In a 1991 study, one million high-school students were surveyed, and only 2 per cent of them stated that they were below average in leadership ability.
This bias is rooted in biology. It’s primitive, deep and powerful. It helps us survive by driving us forward. It gives us hope when an objective analysis might lead to despair. But it also affects rational thought and, therefore, our decision making.
Worse, most of us (85 per cent in one study) suffer from a bias blind spot. We can recognize biases in others, but we fail to recognize that we are similarly biased. This causes us to minimize the value of other perspectives without realizing it.
Think how much better our decision making would be if we could see past the messy stuff — our own feelings and biases — and properly consider all the available data. The key to improving our decision making is to become more aware of our biases and blind spots by inviting more perspectives and data into our process — especially from our customers.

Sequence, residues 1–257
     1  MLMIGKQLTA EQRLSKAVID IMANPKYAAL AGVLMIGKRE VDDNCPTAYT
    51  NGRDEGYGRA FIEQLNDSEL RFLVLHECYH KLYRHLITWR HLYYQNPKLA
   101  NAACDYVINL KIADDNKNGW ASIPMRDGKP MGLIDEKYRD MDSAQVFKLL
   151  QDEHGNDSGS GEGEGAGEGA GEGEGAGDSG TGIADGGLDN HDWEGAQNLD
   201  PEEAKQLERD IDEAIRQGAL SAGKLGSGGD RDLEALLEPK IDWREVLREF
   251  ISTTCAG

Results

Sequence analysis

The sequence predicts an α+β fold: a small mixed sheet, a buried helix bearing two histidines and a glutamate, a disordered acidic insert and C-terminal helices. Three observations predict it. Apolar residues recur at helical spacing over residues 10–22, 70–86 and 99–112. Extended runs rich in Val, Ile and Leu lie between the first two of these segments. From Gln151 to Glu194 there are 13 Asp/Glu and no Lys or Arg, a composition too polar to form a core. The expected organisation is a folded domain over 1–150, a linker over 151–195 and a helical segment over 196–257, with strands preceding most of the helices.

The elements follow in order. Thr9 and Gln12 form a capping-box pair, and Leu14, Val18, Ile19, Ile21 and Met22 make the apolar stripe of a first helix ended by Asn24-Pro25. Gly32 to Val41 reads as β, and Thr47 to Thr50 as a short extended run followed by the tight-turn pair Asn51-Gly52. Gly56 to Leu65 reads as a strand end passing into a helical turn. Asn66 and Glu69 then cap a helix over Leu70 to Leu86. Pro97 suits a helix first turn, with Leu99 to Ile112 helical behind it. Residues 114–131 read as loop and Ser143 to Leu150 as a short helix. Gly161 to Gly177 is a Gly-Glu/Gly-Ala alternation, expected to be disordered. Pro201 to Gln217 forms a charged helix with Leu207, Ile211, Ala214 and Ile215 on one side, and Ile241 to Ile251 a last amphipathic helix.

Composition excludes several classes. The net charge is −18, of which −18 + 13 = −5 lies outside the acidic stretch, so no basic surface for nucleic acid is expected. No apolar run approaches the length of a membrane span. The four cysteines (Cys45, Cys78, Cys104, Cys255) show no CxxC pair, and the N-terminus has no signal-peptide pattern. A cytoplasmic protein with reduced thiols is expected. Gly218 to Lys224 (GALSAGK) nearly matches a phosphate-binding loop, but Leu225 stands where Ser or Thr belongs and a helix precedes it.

Who’s in Charge of Our Conversations with customers?
Another big topic for business owners is customer relationships. Too often our customer conversations get reduced to tugs-of-war. They want to pay less, but we want them to pay more, so we find ourselves haggling over terms in a zero-sum game, like two kids squabbling over a pie. These discussions may seem rational, but once again they are rooted in the messy stuff — primal fear and protectionism.